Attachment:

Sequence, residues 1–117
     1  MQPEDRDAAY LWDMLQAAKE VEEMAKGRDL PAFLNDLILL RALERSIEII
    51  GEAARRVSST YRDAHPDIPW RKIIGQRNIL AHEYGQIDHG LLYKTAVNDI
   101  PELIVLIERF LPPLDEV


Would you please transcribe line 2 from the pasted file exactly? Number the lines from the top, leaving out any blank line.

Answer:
     1  MQPEDRDAAY LWDMLQAAKE VEEMAKGRDL PAFLNDLILL RALERSIEII